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Ford rolls on its 'Way Forward' turnaround



As some encouraging signs start to emerge from Ford Motor's turnaround plan, much of the credit is likely to go to Mark Fields.
Fields, an executive vice president, is Ford's domestic car and truck chief. But he's not as stiff as his title might make him sound: His cellphone ring tone plays a song from the old rock group AC/DC.

Ford surprised analysts by posting a $100 million first-quarter profit. It did it, in part, by cutting 40,000 jobs since 2005 and vowing to better coordinate its production around the world. One show of confidence came from billionaire Kirk Kerkorian, who announced he has taken a 4.7% stake in Ford stock and signaled he intends to buy more.

Ford's ongoing Way Forward recovery plan — with full-year profitably promised for 2009 — has run head-on into an economic slump that has hammered sales across the industry.

High gas prices have caused buyers to demand more small cars, which are less profitable in general than the big SUVs that have powered Ford's earnings for years. Its next all-new small entry, Fiesta, won't come to market in the USA until 2010.

Meanwhile, the company is mounting a major effort to attract potential buyers who it believes have written off the Ford brand entirely. A new "Drive One" ad barrage aims to get more shoppers into a Ford for a test drive.

Fields spoke with USA TODAY auto reporter Chris Woodyard at a nostalgic car show, Fabulous Fords Forever, in the parking lot of the Knott's Berry Farm theme park in Buena Park last month. His comments were condensed and edited for clarity.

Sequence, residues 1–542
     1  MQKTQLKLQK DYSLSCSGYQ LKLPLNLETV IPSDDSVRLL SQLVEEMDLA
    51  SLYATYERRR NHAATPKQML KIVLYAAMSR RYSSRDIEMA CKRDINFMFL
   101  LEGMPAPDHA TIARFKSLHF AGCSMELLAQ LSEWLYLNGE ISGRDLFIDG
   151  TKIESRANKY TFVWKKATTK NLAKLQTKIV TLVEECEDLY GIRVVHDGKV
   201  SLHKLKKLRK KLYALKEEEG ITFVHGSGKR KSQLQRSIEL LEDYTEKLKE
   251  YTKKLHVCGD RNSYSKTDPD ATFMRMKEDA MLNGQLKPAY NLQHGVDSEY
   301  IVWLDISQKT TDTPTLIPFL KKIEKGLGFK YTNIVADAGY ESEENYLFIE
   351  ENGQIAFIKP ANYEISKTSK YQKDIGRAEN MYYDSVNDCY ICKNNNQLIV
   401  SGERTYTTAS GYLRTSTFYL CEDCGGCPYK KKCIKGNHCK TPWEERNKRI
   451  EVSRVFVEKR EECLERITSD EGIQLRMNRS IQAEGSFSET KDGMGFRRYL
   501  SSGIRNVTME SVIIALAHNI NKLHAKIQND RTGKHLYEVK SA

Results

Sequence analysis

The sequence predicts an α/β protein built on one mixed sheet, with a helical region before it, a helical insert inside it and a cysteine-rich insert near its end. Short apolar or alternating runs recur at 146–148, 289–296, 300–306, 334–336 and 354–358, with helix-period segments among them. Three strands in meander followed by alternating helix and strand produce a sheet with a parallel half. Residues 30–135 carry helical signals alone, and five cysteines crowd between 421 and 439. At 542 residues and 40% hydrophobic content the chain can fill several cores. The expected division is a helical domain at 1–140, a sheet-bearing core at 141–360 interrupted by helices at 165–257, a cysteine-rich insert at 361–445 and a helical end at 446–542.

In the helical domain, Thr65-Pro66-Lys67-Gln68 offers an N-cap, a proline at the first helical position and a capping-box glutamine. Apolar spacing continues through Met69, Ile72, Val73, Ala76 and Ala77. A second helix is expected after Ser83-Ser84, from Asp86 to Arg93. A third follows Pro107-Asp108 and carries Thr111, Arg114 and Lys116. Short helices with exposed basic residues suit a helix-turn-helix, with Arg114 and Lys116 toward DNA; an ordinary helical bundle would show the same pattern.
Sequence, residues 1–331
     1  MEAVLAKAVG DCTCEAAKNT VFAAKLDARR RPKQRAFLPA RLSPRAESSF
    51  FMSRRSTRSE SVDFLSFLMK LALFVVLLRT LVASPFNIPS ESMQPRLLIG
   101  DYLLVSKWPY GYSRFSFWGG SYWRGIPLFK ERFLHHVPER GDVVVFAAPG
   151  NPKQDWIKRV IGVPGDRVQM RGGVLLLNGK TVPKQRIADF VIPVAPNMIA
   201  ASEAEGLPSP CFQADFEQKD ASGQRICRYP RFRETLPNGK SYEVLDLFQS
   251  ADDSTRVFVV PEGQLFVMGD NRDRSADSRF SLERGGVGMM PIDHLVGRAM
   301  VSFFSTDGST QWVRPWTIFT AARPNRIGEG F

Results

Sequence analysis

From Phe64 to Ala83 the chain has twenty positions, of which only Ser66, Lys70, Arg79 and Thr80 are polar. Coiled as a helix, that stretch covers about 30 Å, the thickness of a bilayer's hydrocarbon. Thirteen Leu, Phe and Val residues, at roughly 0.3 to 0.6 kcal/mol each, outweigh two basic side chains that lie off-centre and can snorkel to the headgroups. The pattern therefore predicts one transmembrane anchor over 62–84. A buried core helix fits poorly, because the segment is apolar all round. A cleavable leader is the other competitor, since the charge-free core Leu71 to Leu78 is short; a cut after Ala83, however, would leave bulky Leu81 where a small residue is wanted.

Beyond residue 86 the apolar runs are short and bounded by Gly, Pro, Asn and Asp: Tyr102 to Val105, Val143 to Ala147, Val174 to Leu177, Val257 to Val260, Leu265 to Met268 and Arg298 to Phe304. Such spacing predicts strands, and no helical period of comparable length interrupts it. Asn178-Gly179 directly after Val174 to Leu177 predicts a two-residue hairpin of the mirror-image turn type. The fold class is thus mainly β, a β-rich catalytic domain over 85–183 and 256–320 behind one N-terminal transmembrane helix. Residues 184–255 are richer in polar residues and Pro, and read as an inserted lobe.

Q: You've said that you see opportunity to make small cars profitable. How is that coming?

A: In the past, (small) was "cheap and cheerful" — just give somebody some basic transportation. That's changed now because small is not only practical, but it also could connote "image" if you do it right. And that's why we spent so much time on the design of the Fiesta and the features of it, so it's a no-excuse car for people.

Q: Are you frustrated you can't bring Fiesta to market faster?

A: Sure we're frustrated, but in a positive way. What we wanted to do when we came out in the marketplace with a small car, a B-size car, we want to come out with a no-excuses car that really represents where Ford is heading. And sure, I would love it today. I would have loved it yesterday. But we want to do it right. And I won't say we'll be last to the party, but we're sure going to be best dressed.

Q: How big is gas a consideration in buying a car?

A: It's a secular shift. Once in a lifetime.

Q: How is that playing out when it comes to sales?

A: Our trucks and SUVs are down, but our cars and crossovers are up a lot. So we've based our (analysis) on looking at the segment shifts. The pickups will come back, but not to the extent they did three or four years ago. But it does offer us opportunities on the car side and crossovers.

Q: What have gas prices done to Ford's "Way Forward" plan?

A: We're on plan. Last year we were actually ahead of plan. But we always build a degree of flexibility into the Way Forward plan. And one of the hallmarks of it is as we see changes in the external market, we'll adjust and we'll continue to do that because we're not going to walk away from our milestones.

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